What is it?

A company charge arises when one party (the ‘chargee’) is granted a legal interest in the assets of the other party (the ‘chargor’) as security for the performance of a specific obligation, generally the repayment of a loan.

There are two types of company charges: a floating charge and a fixed charge.

A floating charge occurs when the security given is unspecified or changing assets. Examples of these types of assets may include company stock, work in progress, or unpaid debts owed to the company. The company is able to use or dispose of these assets in its regular course of business.

A fixed charge attaches to specific assets of the company. A mortgage is an example of a fixed charge.

Application for small business people

Small businesses will need to take out loans in order to raise funds to expand or continue business operations. Lenders are generally reluctant to advance funds to small businesses without a guarantee that the loan will be repaid. In some cases, the small business owner will take out a mortgage, whereby property is used as security for the loan. But what if the business doesn’t own any real property? In these situations, other assets of the business can be used as the security for the loan. This is known as a company charge.

It is important to note that some types of company charges must be registered with the Australian Securities and Investments Commission (ASIC). The charge generally has to be registered within 45 days of its creation. Priority over the charges will be given in the order in which they are registered. If a charge has not been registered, then it will be considered to be void.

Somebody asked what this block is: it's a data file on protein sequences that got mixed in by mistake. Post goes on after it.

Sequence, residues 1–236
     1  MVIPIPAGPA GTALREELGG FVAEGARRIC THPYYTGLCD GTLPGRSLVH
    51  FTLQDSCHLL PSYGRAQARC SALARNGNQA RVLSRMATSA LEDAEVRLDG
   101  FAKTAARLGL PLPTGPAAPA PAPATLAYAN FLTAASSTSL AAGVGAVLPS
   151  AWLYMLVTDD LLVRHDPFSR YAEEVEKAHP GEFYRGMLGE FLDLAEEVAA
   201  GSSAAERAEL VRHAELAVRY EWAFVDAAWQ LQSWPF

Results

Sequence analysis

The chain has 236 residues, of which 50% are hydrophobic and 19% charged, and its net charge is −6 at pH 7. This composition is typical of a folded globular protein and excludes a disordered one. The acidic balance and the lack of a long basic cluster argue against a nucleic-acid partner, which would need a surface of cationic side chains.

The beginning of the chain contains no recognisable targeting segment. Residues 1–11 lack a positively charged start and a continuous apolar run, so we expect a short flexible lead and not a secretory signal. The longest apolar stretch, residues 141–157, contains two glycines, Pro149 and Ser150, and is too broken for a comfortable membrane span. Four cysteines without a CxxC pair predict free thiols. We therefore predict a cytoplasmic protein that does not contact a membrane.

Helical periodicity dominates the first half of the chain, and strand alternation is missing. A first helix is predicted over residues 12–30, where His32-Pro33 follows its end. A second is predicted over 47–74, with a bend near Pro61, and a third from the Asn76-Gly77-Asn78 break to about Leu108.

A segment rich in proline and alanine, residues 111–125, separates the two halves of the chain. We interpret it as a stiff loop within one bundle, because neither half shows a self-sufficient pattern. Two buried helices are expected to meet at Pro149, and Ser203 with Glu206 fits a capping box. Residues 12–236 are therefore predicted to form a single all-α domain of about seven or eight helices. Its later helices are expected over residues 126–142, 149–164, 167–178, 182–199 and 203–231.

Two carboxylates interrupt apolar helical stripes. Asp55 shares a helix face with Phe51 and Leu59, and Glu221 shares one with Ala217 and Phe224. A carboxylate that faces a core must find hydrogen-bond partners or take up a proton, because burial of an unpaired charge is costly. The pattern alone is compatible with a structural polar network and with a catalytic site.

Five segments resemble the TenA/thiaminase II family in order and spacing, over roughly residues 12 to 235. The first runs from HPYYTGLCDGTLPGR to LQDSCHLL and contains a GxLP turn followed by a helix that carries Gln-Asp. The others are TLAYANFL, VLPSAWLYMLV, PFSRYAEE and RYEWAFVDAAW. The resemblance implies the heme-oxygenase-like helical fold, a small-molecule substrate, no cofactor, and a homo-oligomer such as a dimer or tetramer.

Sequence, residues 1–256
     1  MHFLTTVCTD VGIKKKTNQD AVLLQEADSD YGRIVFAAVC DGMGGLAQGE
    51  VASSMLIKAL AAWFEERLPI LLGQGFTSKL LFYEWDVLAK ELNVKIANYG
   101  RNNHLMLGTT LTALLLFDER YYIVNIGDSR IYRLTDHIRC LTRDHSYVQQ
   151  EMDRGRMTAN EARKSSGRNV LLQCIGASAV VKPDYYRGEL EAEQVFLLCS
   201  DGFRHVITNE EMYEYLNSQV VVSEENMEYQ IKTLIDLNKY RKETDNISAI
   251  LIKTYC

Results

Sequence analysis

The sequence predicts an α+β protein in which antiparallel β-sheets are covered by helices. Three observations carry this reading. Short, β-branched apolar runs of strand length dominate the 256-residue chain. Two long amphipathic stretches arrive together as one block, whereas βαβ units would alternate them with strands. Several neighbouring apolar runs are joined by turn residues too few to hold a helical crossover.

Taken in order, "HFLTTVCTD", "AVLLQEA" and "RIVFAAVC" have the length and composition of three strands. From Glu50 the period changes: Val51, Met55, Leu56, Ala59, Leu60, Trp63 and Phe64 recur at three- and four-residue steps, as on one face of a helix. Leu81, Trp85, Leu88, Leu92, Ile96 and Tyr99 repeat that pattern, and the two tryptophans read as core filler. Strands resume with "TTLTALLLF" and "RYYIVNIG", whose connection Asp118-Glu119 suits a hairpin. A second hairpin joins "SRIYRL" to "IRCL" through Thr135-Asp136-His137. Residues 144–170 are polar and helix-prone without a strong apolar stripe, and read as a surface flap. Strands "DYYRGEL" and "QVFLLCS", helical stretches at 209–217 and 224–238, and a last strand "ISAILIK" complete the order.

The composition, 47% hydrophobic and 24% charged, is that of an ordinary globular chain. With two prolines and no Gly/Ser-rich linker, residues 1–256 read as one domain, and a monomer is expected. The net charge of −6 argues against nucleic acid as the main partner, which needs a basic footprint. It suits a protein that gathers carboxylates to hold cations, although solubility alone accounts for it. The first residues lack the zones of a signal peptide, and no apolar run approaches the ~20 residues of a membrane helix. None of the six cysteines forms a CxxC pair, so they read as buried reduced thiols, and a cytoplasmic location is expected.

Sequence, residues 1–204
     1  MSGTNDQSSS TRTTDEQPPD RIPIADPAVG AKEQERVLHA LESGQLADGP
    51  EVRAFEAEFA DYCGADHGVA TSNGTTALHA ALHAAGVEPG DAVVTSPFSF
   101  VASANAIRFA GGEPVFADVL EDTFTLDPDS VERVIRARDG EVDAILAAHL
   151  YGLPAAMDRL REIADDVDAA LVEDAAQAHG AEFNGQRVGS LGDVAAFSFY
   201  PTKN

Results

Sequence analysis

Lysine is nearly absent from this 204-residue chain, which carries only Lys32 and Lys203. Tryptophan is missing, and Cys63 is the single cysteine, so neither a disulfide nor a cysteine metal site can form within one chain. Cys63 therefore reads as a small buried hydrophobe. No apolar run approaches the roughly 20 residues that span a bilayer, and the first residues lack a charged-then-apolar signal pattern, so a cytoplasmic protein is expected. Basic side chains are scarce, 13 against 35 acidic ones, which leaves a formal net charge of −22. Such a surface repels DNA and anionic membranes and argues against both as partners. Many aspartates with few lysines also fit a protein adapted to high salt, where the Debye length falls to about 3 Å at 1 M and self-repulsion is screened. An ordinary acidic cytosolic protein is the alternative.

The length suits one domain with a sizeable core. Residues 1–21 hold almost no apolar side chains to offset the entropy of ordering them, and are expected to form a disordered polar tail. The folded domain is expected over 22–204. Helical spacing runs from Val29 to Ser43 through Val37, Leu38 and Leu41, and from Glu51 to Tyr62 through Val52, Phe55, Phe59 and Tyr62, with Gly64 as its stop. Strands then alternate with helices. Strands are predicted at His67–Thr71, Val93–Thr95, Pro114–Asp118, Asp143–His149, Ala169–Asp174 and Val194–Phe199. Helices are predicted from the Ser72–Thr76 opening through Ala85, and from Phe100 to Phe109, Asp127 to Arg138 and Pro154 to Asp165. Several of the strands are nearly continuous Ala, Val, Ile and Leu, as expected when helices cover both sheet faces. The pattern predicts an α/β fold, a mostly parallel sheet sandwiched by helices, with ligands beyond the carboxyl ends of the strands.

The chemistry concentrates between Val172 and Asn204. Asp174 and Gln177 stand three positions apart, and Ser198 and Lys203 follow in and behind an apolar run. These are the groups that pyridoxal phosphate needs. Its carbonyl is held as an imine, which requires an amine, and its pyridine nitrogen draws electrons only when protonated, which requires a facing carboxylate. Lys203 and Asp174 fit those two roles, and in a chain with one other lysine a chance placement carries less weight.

6 key things to consider

Some of the key points to consider before entering into an agreement to create a company charge are:

  1. Who is the chargee and who is the chargor?
  2. What is the amount of the loan?
  3. What are the repayment terms and conditions?
  4. What event will make a floating charge turn into a fixed charge?
  5. Does the charge need to be registered with ASIC?
  6. Are there any competing charges over the company assets?

Joe Kafrouni, Legal Practitioner Director, Kafrouni Lawyers


The information provided by Kafrouni Lawyers is intended to provide general information and is not legal advice or a substitute for it. Small business people should always consult their own legal advisors to discuss their particular circumstances. Kafrouni Lawyers makes no warranties or representations regarding the information and exclude any liability which may arise as a result of the use of this information. This information is the copyright of Kafrouni Lawyers.

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